Until the early 1970's, most ambulances were operated by the funeral homes in Texas. Communications consisted of the funeral home receiving a telephone call from the local law enforcement agency. If this law enforcement agency allowed it, the ambulance had a radio on the police frequency (usually 37.180 or 37.260), which they used while responding and transporting the patient to the hospital or to the funeral home. At this point, there were no medical control links and the hospital usually did not know a patient was enroute until the ambulance arrived and rang the door bell. In the late 1960's and the early 1970's, funeral home ambulance services were being taken over by cities, counties, private, and volunteer EMS providers. The result of this movement was improved patient care and communications capabilities through the use of VHF high band frequencies. Ambulance companies dispatched and operated on 155.340 while ambulances communicated with hospitals on 155.280. Gradually the larger agencies and cities began to license their own frequencies. In 1970, the Texas Department of Health formed a communications section to promote EMS communications needs. This agency used federal grant money to start building communications systems across the state. This has evolved into an area of technical assistance for agencies improving or evaluating their communication needs and abilities.
In the mid 1970's, agencies that could afford to, began to upgrade to the UHF frequency band due to the noise level as well as the interference on the VHF frequencies. The result of this move was that rural providers suddenly could no longer communicate with these agencies. In the late 1970's, telemetry was introduced to EMS. This allowed for the EMS personnel to send vital signs as well as EKG information directly to the hospital over the radio. With limited frequency availability, frequency assignment became congested, especially in the major metropolitan areas of Texas.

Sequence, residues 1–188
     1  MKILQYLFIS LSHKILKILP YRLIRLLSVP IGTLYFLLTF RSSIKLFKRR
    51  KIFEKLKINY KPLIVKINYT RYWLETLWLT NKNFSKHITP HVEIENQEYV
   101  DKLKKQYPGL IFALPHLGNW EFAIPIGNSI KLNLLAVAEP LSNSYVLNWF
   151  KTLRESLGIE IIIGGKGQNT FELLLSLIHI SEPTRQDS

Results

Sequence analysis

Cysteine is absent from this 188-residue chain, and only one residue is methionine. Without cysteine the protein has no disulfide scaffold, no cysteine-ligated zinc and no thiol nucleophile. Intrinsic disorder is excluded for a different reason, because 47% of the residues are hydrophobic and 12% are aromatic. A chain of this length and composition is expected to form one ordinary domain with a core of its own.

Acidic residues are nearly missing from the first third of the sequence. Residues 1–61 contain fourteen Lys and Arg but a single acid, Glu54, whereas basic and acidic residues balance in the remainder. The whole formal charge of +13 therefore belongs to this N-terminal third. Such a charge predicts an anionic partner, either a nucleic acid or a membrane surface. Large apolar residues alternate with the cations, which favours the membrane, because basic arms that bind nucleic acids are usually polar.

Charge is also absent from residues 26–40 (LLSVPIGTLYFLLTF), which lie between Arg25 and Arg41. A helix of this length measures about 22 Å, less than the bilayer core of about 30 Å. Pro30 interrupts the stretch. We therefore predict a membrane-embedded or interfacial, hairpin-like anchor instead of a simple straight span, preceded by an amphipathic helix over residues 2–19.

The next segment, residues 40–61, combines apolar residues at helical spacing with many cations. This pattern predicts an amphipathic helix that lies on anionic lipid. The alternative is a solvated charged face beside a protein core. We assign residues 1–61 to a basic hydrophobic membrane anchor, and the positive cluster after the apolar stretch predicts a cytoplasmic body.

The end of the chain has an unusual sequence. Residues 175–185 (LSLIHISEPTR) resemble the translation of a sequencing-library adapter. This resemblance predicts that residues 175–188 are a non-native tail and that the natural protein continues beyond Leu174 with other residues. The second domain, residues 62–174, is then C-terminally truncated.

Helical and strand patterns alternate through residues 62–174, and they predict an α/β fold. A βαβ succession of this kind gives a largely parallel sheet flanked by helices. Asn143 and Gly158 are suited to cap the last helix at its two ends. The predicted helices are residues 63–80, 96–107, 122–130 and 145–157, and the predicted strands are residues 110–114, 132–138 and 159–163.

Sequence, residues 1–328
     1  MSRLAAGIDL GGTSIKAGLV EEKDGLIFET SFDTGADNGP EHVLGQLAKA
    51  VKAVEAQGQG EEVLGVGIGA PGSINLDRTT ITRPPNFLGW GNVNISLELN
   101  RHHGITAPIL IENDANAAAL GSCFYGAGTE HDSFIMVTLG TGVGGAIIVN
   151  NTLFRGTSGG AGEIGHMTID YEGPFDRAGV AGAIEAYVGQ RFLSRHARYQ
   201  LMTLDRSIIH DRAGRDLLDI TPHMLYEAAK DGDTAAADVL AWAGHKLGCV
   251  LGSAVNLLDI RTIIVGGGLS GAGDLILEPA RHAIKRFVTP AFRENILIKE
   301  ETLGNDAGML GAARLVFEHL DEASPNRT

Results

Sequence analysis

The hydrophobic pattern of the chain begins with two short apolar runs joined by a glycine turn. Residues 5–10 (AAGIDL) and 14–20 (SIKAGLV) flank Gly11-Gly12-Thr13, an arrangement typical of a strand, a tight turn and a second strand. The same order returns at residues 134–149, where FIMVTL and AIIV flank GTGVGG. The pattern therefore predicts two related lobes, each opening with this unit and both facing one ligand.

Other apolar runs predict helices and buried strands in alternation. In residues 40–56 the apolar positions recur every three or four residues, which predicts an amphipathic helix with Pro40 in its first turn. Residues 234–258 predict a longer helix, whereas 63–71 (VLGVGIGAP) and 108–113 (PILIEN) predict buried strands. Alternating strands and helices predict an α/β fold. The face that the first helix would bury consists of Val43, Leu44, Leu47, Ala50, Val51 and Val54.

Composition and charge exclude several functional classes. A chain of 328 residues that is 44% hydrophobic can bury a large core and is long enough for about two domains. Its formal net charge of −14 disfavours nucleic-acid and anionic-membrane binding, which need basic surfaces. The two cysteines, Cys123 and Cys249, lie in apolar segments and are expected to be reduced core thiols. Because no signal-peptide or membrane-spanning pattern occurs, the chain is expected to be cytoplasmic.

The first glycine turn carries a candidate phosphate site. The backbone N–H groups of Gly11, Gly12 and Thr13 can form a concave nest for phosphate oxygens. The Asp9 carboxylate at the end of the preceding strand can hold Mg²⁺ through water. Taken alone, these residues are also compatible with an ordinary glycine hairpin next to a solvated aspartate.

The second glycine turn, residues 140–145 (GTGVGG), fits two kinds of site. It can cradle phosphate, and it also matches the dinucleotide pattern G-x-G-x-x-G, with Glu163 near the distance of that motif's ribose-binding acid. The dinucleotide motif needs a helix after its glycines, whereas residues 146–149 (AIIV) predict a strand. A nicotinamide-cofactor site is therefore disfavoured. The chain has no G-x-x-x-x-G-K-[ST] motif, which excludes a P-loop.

As communications became more congested in the UHF range, and more sophisticated equipment became available, the agencies and cities with the resources again began to upgrade equipment to the 800 MHz range. Once again this left some of the rural areas unable to communicate with these agencies. With the implementation of the cellular phone, most of the ambulance to hospital communication is accomplished with phone calls, where cellular service is available.
EMS communication in Texas has been improved greatly over the past two decades, but the communications industry is changing faster than most of the EMS agencies in Texas can possibly keep up with. Cellular communications has improved communication between agencies. As cellular coverage expands, interagency communications have and will continue to improve.
In 1987, House Bill 911 was passed, forming the Advisory Commission on State Emergency Communications (911 Commission). Their primary role is to facilitate the implementation of the use of 911 in Texas. This has eventually made public access to EMS available statewide and much easier.
EMS communications today
Approximately eighty percent of the twelve thousand EMS dispatchers in Texas are employed by law enforcement agencies. In many cases, EMS communications needs become secondary to law enforcement communications due to a lack of manpower, resources and a lack of understanding of EMS needs. Very few of these telecommunicators have the necessary formal education, knowledge of Emergency Medical Services or its communications needs. With the implementation of Emergency Medical Dispatch (EMD), the telecommunications professional is better equiped to deal with medical emergencies.
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